YOU SPIN ME RIGHT ‘ROUND - Causes and symptoms of Vertigo

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What’s Vertigo?

Vertigo is a little understood medical problem that people misunderstand to only be experienced by
people when they are at a height or in motion. 

Many are surprised to know that vertigo is one of the most common medical complaints. Vertigo is the
feeling that you are moving when in fact you are not or a dizziness that continues even when sitting still. Vertigo can feel like motion sickness - like sea or car sickness, but it is in fact usually attributable to a problem of the inner ear. Most patients with vertigo present with a constant complaint of feeling spinning.

Peripheral vertigo is the most common type of vertigo – a result of a problem of the inner ear, or the
vestibular nerve which connects the inner ear to the brain.

The Vestibular System is responsible for integrating sensory stimuli and movement of the body. Located in the inner ear, it allows your body to keep objects in visual focus when the body moves. [1] The inner ear is comprised of structures that feed the brain information regarding head balance, posture, the body's orientation in space and other movements. It is what keeps objects in visual focus as the body moves. The vestibular system works with other sensory systems in the body, for example, the eyes, bones, and joints, to check and maintain the positioning of the body at rest and in motion. Simply put, its job is to consistently judge the precise position of your head during movement.


Symptoms of Vertigo

Vertigo is often triggered by a change in the
position of your head. People with vertigo typically describe it as feeling
like they are:

  • Spinning
  • Tilting
  • Swaying
  • Unbalanced
  •  Pulled to one direction

Other symptoms that may accompany vertigo include:

  • Feeling nauseous
  • Vomiting
  • Abnormal or jerking eye movements (nystagmus)
  • Headache
  • Sweating
  • Ringing in the ears or hearing loss


Common Causes of Vertigo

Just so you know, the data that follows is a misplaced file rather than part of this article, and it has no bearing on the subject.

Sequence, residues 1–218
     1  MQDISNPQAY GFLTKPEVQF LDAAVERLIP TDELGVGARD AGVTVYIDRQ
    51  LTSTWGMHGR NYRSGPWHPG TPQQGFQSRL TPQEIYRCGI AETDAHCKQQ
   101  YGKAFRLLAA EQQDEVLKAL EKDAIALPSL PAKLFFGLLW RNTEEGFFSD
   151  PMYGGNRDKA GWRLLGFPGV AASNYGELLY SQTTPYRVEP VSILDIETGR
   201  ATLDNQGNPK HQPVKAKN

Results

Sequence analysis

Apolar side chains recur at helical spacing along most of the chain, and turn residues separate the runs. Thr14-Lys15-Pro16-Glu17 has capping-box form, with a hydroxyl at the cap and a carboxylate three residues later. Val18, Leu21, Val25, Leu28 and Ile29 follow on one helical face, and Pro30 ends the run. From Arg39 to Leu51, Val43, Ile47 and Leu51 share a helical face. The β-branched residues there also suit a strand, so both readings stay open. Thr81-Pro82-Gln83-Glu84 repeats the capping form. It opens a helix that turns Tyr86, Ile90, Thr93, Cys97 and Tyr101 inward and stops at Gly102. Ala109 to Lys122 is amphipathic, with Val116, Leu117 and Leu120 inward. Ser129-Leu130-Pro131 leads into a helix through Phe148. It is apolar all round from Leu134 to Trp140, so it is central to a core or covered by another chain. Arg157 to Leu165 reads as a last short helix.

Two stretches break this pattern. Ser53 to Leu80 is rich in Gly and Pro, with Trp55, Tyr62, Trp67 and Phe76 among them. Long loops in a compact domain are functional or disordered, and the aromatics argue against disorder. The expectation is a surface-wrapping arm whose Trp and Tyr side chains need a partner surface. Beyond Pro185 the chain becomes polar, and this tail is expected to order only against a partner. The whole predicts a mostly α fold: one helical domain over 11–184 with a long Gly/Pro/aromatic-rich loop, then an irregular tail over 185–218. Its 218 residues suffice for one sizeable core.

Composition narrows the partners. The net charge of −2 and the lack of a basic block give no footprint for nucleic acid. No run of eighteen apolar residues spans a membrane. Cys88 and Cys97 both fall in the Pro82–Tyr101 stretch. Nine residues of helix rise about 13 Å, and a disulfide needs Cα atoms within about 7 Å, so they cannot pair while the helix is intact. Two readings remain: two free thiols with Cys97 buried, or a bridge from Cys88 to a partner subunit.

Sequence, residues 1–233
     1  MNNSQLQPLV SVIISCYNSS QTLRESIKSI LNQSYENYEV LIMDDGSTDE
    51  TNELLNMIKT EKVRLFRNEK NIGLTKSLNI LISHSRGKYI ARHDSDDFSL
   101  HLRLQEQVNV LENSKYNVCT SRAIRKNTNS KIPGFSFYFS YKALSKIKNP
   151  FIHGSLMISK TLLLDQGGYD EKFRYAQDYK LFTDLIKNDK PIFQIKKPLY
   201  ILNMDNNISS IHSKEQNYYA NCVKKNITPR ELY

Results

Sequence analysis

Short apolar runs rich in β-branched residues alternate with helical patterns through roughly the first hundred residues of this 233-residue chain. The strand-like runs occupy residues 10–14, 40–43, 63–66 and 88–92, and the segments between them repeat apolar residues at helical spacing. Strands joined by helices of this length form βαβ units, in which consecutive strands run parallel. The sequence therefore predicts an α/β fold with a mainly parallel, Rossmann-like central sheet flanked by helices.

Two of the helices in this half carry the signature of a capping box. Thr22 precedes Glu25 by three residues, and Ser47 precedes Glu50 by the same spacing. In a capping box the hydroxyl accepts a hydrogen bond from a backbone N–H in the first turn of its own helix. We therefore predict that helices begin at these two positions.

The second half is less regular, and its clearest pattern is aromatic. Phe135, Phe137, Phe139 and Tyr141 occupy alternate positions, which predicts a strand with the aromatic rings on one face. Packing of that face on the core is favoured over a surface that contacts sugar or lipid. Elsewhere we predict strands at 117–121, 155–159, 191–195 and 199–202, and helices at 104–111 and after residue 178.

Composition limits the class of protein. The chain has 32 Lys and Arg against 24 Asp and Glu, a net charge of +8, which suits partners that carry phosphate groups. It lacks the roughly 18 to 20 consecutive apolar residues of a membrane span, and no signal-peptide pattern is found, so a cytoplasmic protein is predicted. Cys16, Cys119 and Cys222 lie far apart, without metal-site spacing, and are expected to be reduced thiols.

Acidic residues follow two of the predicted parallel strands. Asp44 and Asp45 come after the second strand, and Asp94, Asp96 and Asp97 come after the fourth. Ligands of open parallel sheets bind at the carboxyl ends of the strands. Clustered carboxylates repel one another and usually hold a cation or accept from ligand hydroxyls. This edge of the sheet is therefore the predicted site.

With Peripheral vertigo accounting for 93 percent of all cases of vertigo in Australia [2] , there are three common causes of this type of vertigo:

  • Benign paroxysmal positional vertigo, BPPV occurs when tiny calcium particles (canaliths) clump up in canals of the inner ear. The inner ear sends signals to the brain about head and body movements relative to gravity. It helps you keep your balance.
  • Vestibular neuritis or labyrinthitis, is an inner ear problem usually related to infection (usually viral). The infection causes inflammation in the inner ear around nerves that are important for helping the body sense balance.
  • Meniere disease is an inner ear disorder thought to be caused by a build-up of fluid and changing pressure in the ear. It can cause episodes of vertigo along with ringing in the ears (tinnitus) and hearing loss.


Treatment for Vertigo

There are a range of treatment options for vertigo which range from special exercises to remove the source of the problem, medication to dampen the sensations of dizziness to surgery in extreme cases.

There are a series of physical examinations for balance, eye movements, blood pressure and positional testing that are used to determine what is causing your vertigo which will determine your course of

Dr Indu Gunawardena assesses the severity of your vertigo and its likely causes through a series of examinations including ear examination, hearing loss tests, balance and gait examinations. If
necessary, she will organise for the patient to have scans to further define the vertigo.

Depending on the diagnosis, there are a range of treatment options she may recommend which can include but are not limited to special exercises to remove the source of the problem, medication to dampen the sensations of dizziness or surgery in more severe cases.

Vertigo and imbalance can have major effects on quality of life with many patients resort to limiting their movement to help reduce the symptoms. Seek treatment if you are experiencing any of the symptoms

To learn more, contact us to make an appointment with Dr Indu to discuss your concerns and treatment options on vertigo. 



[2] Halmagyi GM, Cremer PD. Assessment and treatment of dizziness. J Neurol Neurosurg Psychiatry 2000;68;129–34